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Simply so much.. 01

[ by Charles Cameron — an experiment in blogging — morality transcending laws, the pope, battleships, jellyfish, & Catholic politicians ]

There’s simply so much going on that I need to try a few way of sifting and posting my daily catch. So here’s my experiment. Each day I’ll open a Simply so much post at the start of the day, adding things that catch my eye as I go, and posting either late in the day or the next morning.


The right to migrate trumps politics as usual:

The granting of asylum does not fall within the usual logic of statecraft in which a policy is considered from the perspective of the political interests of a governing party, taking into account how it will play to popular prejudices, how it fits with internal party disputes, its consistency with budgetary and other manifesto promises, its influence on the viability of other policies the government wants to pursue, and so on. None of these have standing in the face of the moral emergency of aiding refugees to regain their lives.

DoubleQuote that with Pope Francis: Government workers have ‘human right’ to deny gay marriage licenses:

It is the “human right” of government officials to say they cannot discharge duties that they believe go against their conscience, Pope Francis told reporters aboard the papal flight back to Rome on Monday.

“I can’t have in mind all cases that can exist about conscience objection,” the pope told reporters on the plane. “But, yes, I can say the conscientious objection is a right that is a part of every human right. It is a right.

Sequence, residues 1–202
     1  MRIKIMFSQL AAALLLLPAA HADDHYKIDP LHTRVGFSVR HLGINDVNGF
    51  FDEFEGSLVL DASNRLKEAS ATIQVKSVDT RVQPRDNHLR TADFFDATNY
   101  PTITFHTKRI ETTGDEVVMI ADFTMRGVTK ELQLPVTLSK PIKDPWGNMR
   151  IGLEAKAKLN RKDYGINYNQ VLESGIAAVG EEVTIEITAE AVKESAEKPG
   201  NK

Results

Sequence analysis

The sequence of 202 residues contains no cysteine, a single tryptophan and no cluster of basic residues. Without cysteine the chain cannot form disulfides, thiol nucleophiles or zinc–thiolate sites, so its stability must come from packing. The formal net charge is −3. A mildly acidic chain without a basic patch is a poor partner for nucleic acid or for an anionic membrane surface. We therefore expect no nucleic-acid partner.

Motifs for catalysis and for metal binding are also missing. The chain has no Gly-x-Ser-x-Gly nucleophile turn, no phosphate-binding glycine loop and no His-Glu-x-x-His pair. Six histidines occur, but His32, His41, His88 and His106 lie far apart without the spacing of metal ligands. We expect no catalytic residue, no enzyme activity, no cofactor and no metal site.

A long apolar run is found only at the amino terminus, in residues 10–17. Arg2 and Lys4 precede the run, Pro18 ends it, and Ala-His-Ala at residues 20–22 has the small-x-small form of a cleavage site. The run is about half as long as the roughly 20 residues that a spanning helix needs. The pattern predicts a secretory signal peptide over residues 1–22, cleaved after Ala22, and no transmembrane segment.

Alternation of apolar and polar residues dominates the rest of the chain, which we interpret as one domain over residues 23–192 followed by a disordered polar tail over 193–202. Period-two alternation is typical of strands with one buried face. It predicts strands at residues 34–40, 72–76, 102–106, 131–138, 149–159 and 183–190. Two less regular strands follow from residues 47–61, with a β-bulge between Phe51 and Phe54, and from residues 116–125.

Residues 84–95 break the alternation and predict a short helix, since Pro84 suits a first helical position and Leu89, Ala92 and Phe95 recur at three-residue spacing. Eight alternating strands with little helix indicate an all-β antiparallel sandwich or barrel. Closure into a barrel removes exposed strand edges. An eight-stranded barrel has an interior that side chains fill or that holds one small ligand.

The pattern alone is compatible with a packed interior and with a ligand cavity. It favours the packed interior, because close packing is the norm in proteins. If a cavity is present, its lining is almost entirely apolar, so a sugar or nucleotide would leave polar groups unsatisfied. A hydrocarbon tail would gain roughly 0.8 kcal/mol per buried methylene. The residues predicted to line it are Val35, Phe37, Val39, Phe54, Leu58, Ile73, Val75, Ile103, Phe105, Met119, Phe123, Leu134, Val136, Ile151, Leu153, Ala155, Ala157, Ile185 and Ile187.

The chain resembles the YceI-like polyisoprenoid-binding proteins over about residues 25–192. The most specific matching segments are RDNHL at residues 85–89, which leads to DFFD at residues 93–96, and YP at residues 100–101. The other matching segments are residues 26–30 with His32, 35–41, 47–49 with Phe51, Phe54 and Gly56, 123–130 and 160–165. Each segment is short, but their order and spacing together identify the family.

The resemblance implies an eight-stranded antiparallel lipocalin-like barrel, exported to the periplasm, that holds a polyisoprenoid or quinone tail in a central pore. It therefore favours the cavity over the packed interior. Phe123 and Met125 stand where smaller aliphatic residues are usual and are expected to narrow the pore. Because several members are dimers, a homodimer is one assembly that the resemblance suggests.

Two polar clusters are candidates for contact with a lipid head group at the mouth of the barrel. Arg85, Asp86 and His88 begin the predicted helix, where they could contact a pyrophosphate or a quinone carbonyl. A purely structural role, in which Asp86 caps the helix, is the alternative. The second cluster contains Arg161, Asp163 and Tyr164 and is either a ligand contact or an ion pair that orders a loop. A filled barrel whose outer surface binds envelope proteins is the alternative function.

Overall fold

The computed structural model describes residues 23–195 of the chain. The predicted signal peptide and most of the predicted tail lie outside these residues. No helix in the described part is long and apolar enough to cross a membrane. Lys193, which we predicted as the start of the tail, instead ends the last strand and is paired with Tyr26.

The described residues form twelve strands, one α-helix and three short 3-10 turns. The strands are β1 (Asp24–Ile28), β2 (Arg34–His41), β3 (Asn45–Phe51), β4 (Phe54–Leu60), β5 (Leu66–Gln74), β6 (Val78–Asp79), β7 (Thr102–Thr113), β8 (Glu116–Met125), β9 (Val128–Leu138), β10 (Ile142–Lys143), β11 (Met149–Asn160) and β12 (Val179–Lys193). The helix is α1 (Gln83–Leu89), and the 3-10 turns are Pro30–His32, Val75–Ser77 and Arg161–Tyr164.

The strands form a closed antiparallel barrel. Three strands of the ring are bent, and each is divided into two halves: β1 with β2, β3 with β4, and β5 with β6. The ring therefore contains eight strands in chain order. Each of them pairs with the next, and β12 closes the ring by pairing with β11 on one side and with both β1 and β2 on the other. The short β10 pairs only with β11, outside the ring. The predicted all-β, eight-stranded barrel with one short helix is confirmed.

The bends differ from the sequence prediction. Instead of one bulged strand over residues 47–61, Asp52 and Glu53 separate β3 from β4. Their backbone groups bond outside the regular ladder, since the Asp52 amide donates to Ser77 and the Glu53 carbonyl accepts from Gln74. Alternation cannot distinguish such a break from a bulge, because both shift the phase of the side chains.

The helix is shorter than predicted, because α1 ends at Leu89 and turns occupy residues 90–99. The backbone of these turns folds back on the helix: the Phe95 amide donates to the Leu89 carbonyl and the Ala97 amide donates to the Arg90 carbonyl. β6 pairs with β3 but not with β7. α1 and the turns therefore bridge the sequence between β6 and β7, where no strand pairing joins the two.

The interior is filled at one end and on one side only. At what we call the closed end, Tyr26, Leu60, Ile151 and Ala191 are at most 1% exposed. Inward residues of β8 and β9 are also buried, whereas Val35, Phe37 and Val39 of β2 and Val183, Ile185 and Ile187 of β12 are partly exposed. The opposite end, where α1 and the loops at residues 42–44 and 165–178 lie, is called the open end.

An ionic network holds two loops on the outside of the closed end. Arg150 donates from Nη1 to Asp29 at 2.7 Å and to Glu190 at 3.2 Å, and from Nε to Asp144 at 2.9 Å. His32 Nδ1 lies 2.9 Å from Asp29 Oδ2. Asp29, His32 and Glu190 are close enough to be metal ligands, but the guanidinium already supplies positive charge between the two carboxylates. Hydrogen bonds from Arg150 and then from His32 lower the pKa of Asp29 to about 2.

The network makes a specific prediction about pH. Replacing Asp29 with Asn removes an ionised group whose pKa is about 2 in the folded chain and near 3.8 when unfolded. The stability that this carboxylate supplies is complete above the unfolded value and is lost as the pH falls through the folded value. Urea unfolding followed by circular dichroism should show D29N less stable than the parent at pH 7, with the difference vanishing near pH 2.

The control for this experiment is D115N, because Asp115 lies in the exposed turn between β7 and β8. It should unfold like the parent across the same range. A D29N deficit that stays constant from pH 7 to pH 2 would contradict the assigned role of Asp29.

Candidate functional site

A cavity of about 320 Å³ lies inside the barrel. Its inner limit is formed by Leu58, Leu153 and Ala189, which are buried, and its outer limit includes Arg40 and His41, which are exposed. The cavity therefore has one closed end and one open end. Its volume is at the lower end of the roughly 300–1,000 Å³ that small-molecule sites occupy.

“And if a person does not allow others to be a conscientious objector, he denies a right.”

See also the Stanford Encyclopedia of Philosophy (my emphasis):

On the most widely accepted account of civil disobedience, famously defended by John Rawls (1971), civil disobedience is a public, non-violent and conscientious breach of law undertaken with the aim of bringing about a change in laws or government policies. On this account, people who engage in civil disobedience are willing to accept the legal consequences of their actions, as this shows their fidelity to the rule of law. Civil disobedience, given its place at the boundary of fidelity to law, is said to fall between legal protest, on the one hand, and conscientious refusal, revolutionary action, militant protest and organised forcible resistance, on the other hand.


in the Remarks by His Majesty King Abdullah II at the 70th Plenary Session of the United Nations General Assembly, we find the following description of IS:

I am here representing Jordan, and as a God-fearing, God-loving human being. I am here as a father who wants his children, like yours, to live in a compassionate and more peaceful world.

Such a future is under serious threat from the khawarej, the outlaws of Islam that operate globally today. They target religious differences, hoping to kill cooperation and compassion among the billions of people, of all faiths and communities, who live side-by-side in our many countries. These outlaw gangs use suspicion and ignorance to expand their own power. Worse still is the free hand they grant themselves to distort the word of God to justify the most atrocious crimes.

That phrase, the outlaws of Islam, nicely finesses the ongoing dispute as to whether IS should be termed “nothing to do with Islam” or “Islamic”.


Three variants on the meaning of Man of War:

The British Man of War, c 1750


The Portuguese Man of War:


GF Handel‘s The Lord is a Man of War, from his oratorio Israel in Egypt, 1739:


  • The British Man of War
  • The Portuguese Man of War
  • Handel’s Lord is a Man of War
  • Hm, that would have made a great post all by itself!


    Great Andreessen-style DoubleQuote:

    And that’s a really interesting nested question right about now, eh?

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